Silver Wheaton: Propelling Itself to the Top of the Food Chain

Includes: ABX, SLW
by: Hyperinflation

Initiating a position in Silver Wheaton (NYSE:SLW) in late November of 2008 seemed like an enormous bargain based solely on my projected production growth and silver price. If I had looked into my magic eight ball to see the enormous acquisition activity, I would have sold my soul to the devil to accumulate as many shares as possible. Though SLW is already my largest equity position, the recent deal with Barrick Gold (NYSE:ABX) has only made me want to buy more. So let’s go over the unique business model of Silver Wheaton. The strategic acquisitions so far in 2009 have made SLW one of the largest silver producers.

Okay, for those who don't know much about the company I will give a quick but efficient break down of their operations. First off, as one can guess by the name, its business is focused on silver. But it is not a miner but rather a silver streaming royalty company that finances miners to accomplish whatever goal they have in exchange for a portion or complete silver royalty stream now or in the future. So basically they produce an initial capital outlay or outlay to be paid in the near future in exchange for these streams, where they have agree to purchase the silver produced for an average of $3.98/oz with a maximum 1% annual inflation adjustment. But another distinguishing factor between Silver Wheaton and the aforementioned royalty companies is that the former has an agreement with the Canadian government such that they are exempt from corporate taxation as long as they either pay down their debt, reinvest profits, or pay dividends with 100% of their excess profit. So with a rough explanation of their business model, the following is the transformation the company has gone through thus far in 2009.

They are set to have 15-16m ounces in 2009, 19-22m in 2010, 24-26m oz in 2011 and 26-28m in 2012. They eliminated their more or less only competition in Silverstone which then was set to produce 18m oz, 24m, 29m and 33m from 2009-2012. Now the Barrick acquisition which is cited below has again bumped up their production numbers to 19m in 2009, 26m in 2010, 33m in 2011, and 35m in 2012 at which time the Pascua-Lama mine production will commence (a 75% completion is guaranteed an Silver Wheaton would be compensated with silver from other mines if it should be delayed) and production will then jump to somewhere between 42-44+ m oz (depending on whether proven reserves are understated) thereafter. Of course this comes with a price of a bit over 600m to be paid over the next three years. This will be paid through a combination of current unrestricted cash, shared dilution and/or accessing their 400m debt facility. Share dilution is the likely choice and one press release quoted the CEO and saying “We still have 400m of firepower in our arsenal,” suggesting another acquisition is either is in the works or they are aggressively seeking one (my bet's on Teck Cominco’s (NYSE:TCK) silver mine on the Alaskan silver belt). Here are the official details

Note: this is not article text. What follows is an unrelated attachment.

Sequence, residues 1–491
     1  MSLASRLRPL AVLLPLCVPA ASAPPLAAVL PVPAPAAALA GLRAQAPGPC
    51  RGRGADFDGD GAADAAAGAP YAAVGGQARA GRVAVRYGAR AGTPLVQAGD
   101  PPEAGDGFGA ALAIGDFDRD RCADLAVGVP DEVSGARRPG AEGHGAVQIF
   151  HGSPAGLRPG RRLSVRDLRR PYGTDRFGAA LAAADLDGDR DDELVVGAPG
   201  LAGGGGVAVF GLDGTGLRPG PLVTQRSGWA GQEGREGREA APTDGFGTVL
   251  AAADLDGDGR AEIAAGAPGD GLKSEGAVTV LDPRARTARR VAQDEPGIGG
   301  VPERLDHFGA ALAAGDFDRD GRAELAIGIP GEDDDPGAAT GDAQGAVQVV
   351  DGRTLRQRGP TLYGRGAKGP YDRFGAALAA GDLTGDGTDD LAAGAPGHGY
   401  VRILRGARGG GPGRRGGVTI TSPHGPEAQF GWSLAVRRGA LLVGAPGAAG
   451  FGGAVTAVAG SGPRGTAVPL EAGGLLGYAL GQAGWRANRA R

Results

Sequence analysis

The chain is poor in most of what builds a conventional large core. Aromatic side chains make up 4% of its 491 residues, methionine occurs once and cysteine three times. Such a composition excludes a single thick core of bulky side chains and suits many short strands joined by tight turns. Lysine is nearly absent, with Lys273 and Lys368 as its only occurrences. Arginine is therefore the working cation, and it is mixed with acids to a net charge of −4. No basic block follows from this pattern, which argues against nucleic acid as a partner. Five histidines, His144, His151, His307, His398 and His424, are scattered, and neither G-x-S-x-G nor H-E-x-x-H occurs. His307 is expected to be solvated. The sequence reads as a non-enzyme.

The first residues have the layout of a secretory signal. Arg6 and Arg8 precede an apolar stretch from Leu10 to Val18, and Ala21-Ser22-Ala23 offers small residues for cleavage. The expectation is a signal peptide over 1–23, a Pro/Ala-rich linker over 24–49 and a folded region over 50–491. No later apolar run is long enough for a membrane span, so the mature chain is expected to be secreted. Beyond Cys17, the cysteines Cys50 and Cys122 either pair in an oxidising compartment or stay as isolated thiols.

• Provides immediate cash flow.
  • Silver Wheaton will receive 100% of the silver production from three of Barrick's currently producing mines, effective September 1, 2009, until the end of 2013.
  • This immediately enhances Silver Wheaton's production and cash flow profile, by adding average annualized silver production of approximately 2.4 million ounces until Pascua-Lama commences production.
  • Significantly increases Long Term Growth Profile.
  • Silver Wheaton will receive 25% of the life of mine silver production from Barrick's Pascua-Lama project, expected to be one of the largest and lowest cost gold mines in the world.
  • Pascua-Lama is a key Barrick growth asset and is the third largest silver deposit in the world, with an estimated mine life of over 25 years.
  • Silver Wheaton's 25% share of the estimated average annual silver production for the first five years (2013 to 2017) is 9 million ounces, boosting overall silver sales by 30%.
  • Barrick has provided a completion guarantee, requiring them to complete Pascua-Lama to at least 75% of design capacity by December 31, 2015. If Barrick does not meet completion by December 31, 2013, Silver Wheaton will continue to receive silver production in 2014 and 2015 from the currently producing mines, until Barrick satisfies the requirements of the completion guarantee.

This acquisition was brilliant as long as you believe in the silver story and rampant inflation in the not too distant future. That being said, Silver Wheaton remains in my opinion the best silver company, hands down, though many others have garnered my attention.

Disclosure: Long SLW